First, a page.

Some tugs are named after rivers. Some after seas, some after trees. Some are named after American Indian tribes.
But the CG has a class of tugs that wins the award for best names: the 65-foot Small Harbor Tug (WYTL).
Named after things normal people call “rope”, and things found on a boat that interact with the “rope,” or, in one case, what normal people call “droop” of a rope, to those who love tugs, these names are little, one-word love poems, odes to the small harbor working tug.
The WYTLs were built between 1962 and 1967, and were employed only on the east coast, from Maine to Virginia. Originally a class of 15 tugs built by different shipyards, 11 are still in service:
- BOLLARD (WYTL 65614) New Haven, CT
- BRIDLE (WYTL 65607) Southwest Harbor, ME
- CAPSTAN (WYTL 65601) Philadelphia, PA
- CHOCK (WYTL 65602) Portsmouth VA
- CLEAT (WYTL 65615) Philadelphia, PA
- HAWSER (WYTL 65610) Bayonne, NJ
- LINE (WYTL 65611) Bayonne, NJ
- PENDANT (WYTL 65608) Boston, MA
- SHACKLE (WYTL 65609) South Portland, ME
- TACKLE (WYTL 65604) Rockland, ME
- WIRE (WYTL 65612) Saugerties, NY
BITT (WYTL 65613) was decommissioned on 4 October 1982, now R/V Clifford A. Barnes
SWIVEL (WYTL 65603) , still SWIVEL at Governor’s Island
TOWLINE (WYTL 65605) perhaps for sale, and
CATENARY (WYTL 65606), now Growler
And YOU are invited to the 50th birthday celebration of Hawser (17 Jan 1963), Line (21 Feb 1963), and Wire (19 Mar 1963):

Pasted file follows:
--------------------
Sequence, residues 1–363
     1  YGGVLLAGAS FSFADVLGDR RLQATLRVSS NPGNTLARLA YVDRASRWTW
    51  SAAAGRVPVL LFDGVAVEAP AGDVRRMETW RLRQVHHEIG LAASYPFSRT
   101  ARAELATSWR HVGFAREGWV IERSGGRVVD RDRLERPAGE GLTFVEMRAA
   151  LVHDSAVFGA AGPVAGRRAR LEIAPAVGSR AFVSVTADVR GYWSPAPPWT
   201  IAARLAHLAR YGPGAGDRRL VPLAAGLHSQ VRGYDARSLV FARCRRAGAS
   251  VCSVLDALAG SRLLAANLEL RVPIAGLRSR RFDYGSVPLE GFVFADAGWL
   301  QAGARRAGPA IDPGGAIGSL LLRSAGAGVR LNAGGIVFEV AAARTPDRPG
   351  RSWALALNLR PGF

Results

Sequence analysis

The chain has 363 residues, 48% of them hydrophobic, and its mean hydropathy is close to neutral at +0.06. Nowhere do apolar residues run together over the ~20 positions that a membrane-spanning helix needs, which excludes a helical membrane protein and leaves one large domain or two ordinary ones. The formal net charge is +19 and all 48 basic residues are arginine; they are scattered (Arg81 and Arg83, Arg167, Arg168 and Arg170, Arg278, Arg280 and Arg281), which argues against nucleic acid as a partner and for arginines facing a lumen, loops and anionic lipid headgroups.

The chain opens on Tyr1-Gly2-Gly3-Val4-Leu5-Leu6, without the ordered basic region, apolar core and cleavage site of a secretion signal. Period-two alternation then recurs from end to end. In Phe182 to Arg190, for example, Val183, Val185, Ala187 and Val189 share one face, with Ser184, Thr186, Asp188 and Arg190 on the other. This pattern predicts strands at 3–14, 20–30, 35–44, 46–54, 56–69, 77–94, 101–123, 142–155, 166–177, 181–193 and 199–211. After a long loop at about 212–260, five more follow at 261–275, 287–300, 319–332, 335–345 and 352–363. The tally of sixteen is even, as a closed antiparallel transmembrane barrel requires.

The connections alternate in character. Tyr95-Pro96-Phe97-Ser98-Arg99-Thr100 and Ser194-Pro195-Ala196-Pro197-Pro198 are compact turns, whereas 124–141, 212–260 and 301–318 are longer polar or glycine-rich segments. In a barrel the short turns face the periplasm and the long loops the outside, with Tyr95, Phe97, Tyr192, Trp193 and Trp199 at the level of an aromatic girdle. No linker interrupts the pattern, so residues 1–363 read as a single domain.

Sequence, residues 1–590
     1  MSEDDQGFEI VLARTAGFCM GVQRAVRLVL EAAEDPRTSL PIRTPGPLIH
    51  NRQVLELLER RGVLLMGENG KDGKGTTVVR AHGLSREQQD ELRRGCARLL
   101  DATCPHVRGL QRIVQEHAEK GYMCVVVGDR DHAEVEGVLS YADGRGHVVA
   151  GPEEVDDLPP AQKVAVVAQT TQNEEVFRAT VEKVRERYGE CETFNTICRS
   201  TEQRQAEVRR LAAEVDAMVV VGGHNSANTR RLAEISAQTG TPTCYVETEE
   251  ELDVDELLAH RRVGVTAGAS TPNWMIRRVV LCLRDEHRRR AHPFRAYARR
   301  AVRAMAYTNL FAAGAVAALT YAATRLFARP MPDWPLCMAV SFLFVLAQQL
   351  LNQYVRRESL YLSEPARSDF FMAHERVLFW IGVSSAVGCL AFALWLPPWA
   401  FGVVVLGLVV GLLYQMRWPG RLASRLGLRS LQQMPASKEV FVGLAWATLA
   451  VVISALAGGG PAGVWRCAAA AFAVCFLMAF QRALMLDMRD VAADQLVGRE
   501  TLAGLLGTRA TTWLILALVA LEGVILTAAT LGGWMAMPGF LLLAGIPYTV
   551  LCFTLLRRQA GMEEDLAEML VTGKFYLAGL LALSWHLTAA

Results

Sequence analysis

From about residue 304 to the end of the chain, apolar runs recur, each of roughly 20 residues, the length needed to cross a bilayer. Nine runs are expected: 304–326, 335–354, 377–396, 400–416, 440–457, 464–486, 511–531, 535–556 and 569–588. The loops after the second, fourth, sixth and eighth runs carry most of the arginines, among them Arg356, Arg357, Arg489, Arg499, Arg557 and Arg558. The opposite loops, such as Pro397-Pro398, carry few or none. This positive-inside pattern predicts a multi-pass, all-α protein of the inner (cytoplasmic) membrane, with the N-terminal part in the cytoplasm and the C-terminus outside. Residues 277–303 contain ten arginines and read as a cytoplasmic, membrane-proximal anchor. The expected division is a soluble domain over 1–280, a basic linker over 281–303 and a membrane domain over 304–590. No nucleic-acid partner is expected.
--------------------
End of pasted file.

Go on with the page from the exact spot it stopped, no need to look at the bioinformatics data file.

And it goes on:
“1 p.m., Thursday, Feb. 21, 2013: the three tugs will meet at the Walkway over the Hudson and steam north to Saugerties. A Coast Guard spokesperson will be available at the walkway and there will be a photo opportunity there to capture the tugs together on the Hudson River.” USCG Media Advisor
According to Hudsonian’s & Tugster’s photos, all three have expanded the cabins aft to enclose the stack. So the drawing above is incorrect. Do not use for navigation.
Like one to take home? look here.
|Power Plant:||Upgrading to
Lightship Ambrose LV 87 / WAL 512
Built: 1907 by New York Shipbuilding Co., Camden, NJ
Length: 136ft. (41.5m)
Beam: 29ft. (8.8m)
Draft: 13ft. (3.9m)
Original Illumination Apparatus: three oil lens lanterns
This lightship was stationed in the Ambrose Channel since 1906, guiding vessel traffic through the main shipping channel just below the Verazzano Narrows bridge, into New York and New Jersey Harbor until 1967. She was given to South Street Seaport Museum by the U.S. Coast Guard in 1968. A light tower replaced it, was hit by ships a few times too many, and, now, the channel is marked by lighted buoys.
Now at the new! improved! South Street Seaport Museum under the fertile wing—nurturing wing?— of the City of the Museum of New York this lightship was painted in March, and is now being restored and is open for visiting at Pier 16.
The wings of the seaport museum are alive: a new exhibit is up, nautical pieces from another museum I love, the American Folk Art Museum.
And true to the harbor’s spirit, the active gem of the museum, Pioneer, is sailing. Go onboard to sail in the harbor or go and volunteer and learn how to handle lines and many other things that may always serve you well…!